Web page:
It’s almost Christmas and with a ‘Food Trends 2015′ post coming up soon on mymonkfish we thought you’d like to see Jay Rayner’s predictions for next year first…..There will be food. Some of it will be horrible. Some of it will be really nice….wish we’d summed it up like that. That’s why he’s Jay Rayner, and we’re not.
Recently a woman asked me, with a squeaky roll of her eye balls, what I thought about “all those foams and sauce smears” she saw on MasterChef. Around the same time I started receiving requests for my food predictions for 2015. Would it be Korean BBQ or pimped British motorway services snacks or more of that raw food bollocks? Both questions are, of course, flip sides of the same coin; they’re about food fashions, and don’t we just love whingeing about those. Watch Twitter the night a MasterChef contestant pumps up the nitrous gun to produce a carrot “air” and you’d think the tabs had splashed with stolen nudie pics of Emma Watson, such is the outrage.
I was a bit late to the foam game, but I still recall my first one. It was the green tea and lime palate cleanser that Heston Blumenthal was knocking out at the Fat Duck around 2000. I thought it was fabulous. And here’s the thing: I still think it’s fabulous. I love the way a good foam releases its flavour on to the tongue without coating it, so you no longer know where smell ends and taste begins.
It’s not cool to admit it, but I have fond memories of almost every food trend and fad that has come and gone. I remember the thrill of my first McDonald’s in the mid-1970s, and of the arrival of Dayville’s with dozens of ice cream flavours including peppermint fudge ripple. Who could not love that? There was the next wave of Americana, courtesy of Bob Payton with his Chicago Pizza Pie Factories and Rib Shacks, followed in the late 80s by the Modern British Brasseries.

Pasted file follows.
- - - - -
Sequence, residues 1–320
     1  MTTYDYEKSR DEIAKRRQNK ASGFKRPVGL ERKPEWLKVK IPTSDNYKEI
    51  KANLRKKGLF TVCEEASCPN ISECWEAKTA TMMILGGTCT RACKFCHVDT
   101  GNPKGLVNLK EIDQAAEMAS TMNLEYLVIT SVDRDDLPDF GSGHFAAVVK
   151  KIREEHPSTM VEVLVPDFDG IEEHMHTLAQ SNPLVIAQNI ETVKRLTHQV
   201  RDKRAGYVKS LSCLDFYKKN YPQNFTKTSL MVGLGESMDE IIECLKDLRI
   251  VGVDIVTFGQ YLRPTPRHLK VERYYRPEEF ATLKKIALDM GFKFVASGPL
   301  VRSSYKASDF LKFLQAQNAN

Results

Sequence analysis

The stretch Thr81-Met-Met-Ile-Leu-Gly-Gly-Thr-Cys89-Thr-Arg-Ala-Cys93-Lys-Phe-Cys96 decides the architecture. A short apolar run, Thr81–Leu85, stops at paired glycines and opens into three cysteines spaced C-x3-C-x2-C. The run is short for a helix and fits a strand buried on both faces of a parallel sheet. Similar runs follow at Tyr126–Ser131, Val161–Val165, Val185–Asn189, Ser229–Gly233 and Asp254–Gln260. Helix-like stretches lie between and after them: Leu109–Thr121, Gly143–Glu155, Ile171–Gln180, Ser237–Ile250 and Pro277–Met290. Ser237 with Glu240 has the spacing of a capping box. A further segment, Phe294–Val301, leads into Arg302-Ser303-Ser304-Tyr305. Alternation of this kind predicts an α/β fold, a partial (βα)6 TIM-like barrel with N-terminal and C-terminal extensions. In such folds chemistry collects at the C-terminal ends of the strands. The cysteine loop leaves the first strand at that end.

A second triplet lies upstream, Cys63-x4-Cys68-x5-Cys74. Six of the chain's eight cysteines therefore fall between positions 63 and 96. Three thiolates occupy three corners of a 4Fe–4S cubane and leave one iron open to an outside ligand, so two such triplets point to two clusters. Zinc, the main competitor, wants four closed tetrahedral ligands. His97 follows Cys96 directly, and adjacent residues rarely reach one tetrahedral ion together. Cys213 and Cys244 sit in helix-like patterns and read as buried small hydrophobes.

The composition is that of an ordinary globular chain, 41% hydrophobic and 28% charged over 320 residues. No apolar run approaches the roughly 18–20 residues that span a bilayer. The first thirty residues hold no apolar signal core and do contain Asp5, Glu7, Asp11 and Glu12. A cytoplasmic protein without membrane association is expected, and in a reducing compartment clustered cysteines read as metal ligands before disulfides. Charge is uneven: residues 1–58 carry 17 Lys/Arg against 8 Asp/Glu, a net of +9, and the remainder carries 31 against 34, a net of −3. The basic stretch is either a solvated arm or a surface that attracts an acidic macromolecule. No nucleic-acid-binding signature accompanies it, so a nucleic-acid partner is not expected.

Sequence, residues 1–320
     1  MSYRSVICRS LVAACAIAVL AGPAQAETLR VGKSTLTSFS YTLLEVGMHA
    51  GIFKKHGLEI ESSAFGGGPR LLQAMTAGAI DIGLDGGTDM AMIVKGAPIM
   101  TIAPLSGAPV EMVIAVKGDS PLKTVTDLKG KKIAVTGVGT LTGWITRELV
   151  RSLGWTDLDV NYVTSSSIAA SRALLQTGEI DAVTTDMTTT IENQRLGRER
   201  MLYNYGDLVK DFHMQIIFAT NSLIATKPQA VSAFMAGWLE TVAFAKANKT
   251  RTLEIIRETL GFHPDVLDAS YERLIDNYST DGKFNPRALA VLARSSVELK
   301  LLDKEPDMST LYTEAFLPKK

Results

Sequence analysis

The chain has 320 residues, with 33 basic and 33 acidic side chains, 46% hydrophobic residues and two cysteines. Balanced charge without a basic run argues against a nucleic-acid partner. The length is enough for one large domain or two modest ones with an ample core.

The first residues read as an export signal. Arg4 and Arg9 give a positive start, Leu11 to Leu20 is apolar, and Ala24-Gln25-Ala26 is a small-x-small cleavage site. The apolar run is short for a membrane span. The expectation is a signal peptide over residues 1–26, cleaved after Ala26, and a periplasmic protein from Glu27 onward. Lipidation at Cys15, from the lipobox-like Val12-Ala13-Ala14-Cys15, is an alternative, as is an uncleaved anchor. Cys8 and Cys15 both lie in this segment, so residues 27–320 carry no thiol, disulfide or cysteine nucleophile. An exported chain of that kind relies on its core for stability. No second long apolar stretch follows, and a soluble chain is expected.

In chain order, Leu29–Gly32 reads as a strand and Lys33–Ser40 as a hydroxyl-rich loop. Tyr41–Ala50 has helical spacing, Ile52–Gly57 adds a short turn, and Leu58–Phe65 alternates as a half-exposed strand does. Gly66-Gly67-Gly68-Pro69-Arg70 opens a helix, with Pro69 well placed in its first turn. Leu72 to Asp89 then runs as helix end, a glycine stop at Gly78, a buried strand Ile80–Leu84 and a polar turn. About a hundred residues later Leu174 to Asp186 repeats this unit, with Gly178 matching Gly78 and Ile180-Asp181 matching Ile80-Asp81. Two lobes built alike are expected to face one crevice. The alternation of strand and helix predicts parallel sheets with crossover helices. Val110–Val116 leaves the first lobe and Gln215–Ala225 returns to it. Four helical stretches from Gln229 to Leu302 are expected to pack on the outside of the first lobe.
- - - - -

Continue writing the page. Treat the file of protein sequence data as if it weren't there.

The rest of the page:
Rowley Leigh put seared scallops with minted pea purée and we swooned; Terence Conran ushered in the glorious era of the gastrodome, and everyone piled their food in towers. And that was great too, because before that food was 2D and now it was 3D. Fergus Henderson made eating inner wibbly bits cool (again) and then everyone started putting their sauces through the soda siphon and now here we all are grubbing about in the hedgerows for our lunch.
Each new food movement looks back on the one it replaces with a barely disguised sneer. They were so unsophisticated back then. Oh, but NOW! Look at us! Nouvelle Cuisine sneered at the cream and butter overload of Escoffier classicism; the modernists sneered at the minimalism of Nouvelle Cuisine; the locavores and foragers sneer at the ingredient processing of the modernists and pretty much everything else. And then a few weeks ago I had a pop at the foragers. At the risk of repeating myself, my beef was not so much with the food that resulted – some of it can be great – but the belief of those involved that their food isn’t just more sophisticated, but morally superior too.
It isn’t. As the great New Yorker writer Adam Gopnik once pointed out, in the novels of Victor Hugo the peasantry are defined by their reliance on what is seasonal and local. The fat wallets get the stuff from far away and, better still, out of season. Food fashions are no different to any other. They aren’t a mark of increasingsophistication. The whirligig merely turns. They are a mark of boredom, of palates sated and appetites blissfully dulled. And that’s something we should never forget. Here then, is my prediction for 2015. There will be food. Some of it will be horrible. Some of it will be really nice. It’s OK. You don’t have to thank me.
guardian.co.uk © Guardian News & Media Limited 2010